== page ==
While the HPV vaccine is the subject of hot debate in the United States, the high price of the vaccine makes it unavailable in most of the world- until recently. Last Thursday, GAVI (Global Alliance for Vaccines and Immunization) took the first pivotal steps to providing vaccines against cervical cancer in developing countries where close to 90 percent of the 275,000 yearly deaths occur. Human papillomavirus, or HPV, which claims the life of a woman every two minutes, is a common and highly transmissible sexual infection that can lead to cervical cancer in women. Plans to provide the HPV vaccine could prevent 70 percent of cervical cancer cases.
“The HPV vaccine is critical to women and girls in poorer countries because they usually do not have access to screening to prevent cervical cancer and treatment taken for granted in richer nations,” said Seth Berkley MD, CEO of GAVI in a statement. “Today, we have taken deliberate first steps to correct this inequity.”
Up to two million women and girls in nine developing countries could be protected from cervical cancer by 2015 once negotiations with Merck and GlaxoSmithKline, which make the two approved HPV vaccines, are finalized.
“This important announcement from GAVI builds on the enormous progress made this year in the fight against cancer and other noncommunicable diseases. We know that HPV vaccines can help prevent 70 percent of the 500,000 cervical cancer cases each year. In developing countries, where 88 percent of cervical cancer deaths occur, it is critical for women to have access to this lifesaving vaccine,” said John R. Seffrin, PhD, chief executive officer, American Cancer Society, from the World Cancer Leadership Summit in Dublin.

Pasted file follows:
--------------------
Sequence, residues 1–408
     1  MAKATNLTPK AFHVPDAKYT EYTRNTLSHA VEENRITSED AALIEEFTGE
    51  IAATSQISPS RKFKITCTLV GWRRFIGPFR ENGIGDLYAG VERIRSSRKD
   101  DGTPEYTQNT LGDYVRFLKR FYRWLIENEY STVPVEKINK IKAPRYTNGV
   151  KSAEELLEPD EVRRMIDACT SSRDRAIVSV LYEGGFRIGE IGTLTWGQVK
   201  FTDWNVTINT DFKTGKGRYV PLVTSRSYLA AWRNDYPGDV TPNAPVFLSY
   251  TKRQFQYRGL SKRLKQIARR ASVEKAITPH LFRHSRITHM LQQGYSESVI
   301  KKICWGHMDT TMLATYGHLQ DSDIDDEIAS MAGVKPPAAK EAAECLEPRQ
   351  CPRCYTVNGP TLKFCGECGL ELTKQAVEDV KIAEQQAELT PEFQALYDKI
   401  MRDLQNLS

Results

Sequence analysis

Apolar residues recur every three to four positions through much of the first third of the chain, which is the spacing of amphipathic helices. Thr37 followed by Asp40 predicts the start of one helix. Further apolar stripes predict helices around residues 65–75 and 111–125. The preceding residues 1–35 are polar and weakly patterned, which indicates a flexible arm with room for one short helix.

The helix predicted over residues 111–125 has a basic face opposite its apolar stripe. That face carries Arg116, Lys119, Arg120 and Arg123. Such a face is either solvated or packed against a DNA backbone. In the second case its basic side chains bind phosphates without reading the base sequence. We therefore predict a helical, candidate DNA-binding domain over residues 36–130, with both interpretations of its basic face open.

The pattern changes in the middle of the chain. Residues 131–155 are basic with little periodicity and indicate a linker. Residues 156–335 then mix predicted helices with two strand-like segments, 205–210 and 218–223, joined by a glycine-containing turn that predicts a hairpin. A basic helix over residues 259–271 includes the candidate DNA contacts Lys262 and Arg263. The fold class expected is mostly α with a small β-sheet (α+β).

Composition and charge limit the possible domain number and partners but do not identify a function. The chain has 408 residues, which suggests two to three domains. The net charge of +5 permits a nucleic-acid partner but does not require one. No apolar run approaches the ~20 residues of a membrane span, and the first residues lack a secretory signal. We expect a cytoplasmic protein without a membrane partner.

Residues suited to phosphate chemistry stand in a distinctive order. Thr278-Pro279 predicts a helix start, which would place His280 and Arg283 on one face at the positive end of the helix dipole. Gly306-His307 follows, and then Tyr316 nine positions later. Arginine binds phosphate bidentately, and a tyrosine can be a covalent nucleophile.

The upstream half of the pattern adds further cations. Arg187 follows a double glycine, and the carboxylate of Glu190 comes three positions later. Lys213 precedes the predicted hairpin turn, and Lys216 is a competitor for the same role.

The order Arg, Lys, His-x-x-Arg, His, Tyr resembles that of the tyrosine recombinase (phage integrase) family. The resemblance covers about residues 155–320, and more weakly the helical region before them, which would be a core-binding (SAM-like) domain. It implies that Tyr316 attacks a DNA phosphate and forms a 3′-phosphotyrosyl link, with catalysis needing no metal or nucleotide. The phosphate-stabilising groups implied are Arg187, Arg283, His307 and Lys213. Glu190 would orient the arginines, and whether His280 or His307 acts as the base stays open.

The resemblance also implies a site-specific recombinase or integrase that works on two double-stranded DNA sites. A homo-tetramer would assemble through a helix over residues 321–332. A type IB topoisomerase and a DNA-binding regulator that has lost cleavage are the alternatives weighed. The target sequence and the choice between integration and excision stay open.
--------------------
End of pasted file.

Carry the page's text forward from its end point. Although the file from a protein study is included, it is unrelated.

Strengthening their commitment to improving health in the world’s poorest countries, GAVI also set into motion plans to provide rubella vaccines to the countries that need it the most. Rubella is a vaccine-preventable disease caused the rubella virus which is often harmless but has serious consequences for pregnant women resulting in miscarriages, stillbirths, and infants being born with severe birth defects leading to life-long disabilities.
The implementation of GAVI’s rubella vaccine will provide children between the ages of 9 months and 14 years with long-term protection while averting millions of preventable deaths and helping women and children in the world’s poorest country life without the fear of the virus.